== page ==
Oscar speculation underway for "Inception"
By Gregg Kilday
LOS ANGELES (Hollywood Reporter) - Can "Inception" safely dream of Oscar glory?
That's one conundrum that will linger long after average moviegoers have stopped debating the ambiguities of Christopher Nolan's twisty new thrill ride into the subconscious.
The Academy of Motion Picture Arts and Sciences failed to reward Nolan's most recent movie, mega-grossing "The Dark Knight," with a best picture nomination, though it collected eight other nominations. And though the producers, directors and writers guilds all nominated Nolan for that movie, the Academy didn't. To date, Nolan has earned only one Oscar nomination, for his original screenplay for "Memento."
The resulting outcry from "Knight's" fans was so loud it influenced the decision last year to double the field to 10 nominees, with the Academy's then-president Sid Ganis acknowledging, "I would not be telling you the truth if I said the words 'Dark Knight' did not come up."
An "Inception" best picture nomination would be some compensation for the slight to "Knight," but with nominations still six months away, "Inception's" best picture prospects are a long way from a sure thing.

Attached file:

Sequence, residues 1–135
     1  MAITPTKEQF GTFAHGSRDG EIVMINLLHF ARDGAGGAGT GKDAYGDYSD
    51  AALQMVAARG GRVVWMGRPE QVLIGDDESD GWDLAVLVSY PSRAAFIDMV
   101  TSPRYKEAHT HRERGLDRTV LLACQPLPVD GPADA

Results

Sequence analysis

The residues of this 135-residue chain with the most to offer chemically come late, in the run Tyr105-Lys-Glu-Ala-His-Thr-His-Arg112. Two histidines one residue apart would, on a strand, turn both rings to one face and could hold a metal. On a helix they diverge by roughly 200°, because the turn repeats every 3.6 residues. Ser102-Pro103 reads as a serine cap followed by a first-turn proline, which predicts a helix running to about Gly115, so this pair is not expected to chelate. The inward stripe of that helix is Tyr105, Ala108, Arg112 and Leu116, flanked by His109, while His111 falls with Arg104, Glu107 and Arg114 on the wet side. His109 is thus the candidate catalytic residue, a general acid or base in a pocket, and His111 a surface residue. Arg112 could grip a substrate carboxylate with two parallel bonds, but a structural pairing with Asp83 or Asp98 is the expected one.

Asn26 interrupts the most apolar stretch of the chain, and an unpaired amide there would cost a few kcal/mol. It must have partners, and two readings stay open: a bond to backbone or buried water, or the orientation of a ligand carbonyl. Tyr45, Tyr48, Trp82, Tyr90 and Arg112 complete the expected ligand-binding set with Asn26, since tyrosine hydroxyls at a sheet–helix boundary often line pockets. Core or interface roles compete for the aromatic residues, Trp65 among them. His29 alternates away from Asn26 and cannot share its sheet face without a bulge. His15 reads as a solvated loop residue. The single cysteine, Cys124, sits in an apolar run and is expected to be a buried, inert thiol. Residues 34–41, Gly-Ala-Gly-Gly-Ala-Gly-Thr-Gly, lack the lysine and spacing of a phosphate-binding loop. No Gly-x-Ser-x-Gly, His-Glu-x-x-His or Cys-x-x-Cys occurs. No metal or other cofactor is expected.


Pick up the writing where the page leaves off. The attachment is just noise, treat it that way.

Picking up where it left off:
The Warner Bros. release cleared the first hurdle this weekend when it opened to a solid $60.4 million in North America. Oscar nominees don't have to be box office blockbusters, but if Nolan's fan base hadn't shown up en masse, that would have damaged the movie's chances.
Reviews have not been as ecstatic as those that greeted "Knight," which scored an 82 out of 100 at Metacritic.com. As of Sunday, "Inception" was rated 76. The movie did get a key endorsement from hometown reviewer Kenneth Turan of the Los Angeles Times who praised it for "expertly blending the best of traditional and modern filmmaking. If you're searching for smart and nervy popular entertainment, this is what it looks like."
But Leah Rozen, writing at theWrap.com, offered a caveat, saying the movie "proves more engaging to the mind and eyes than to the heart." That could prove a potential stumbling block for Academy members, who vote as much with their hearts as with their heads. Continued...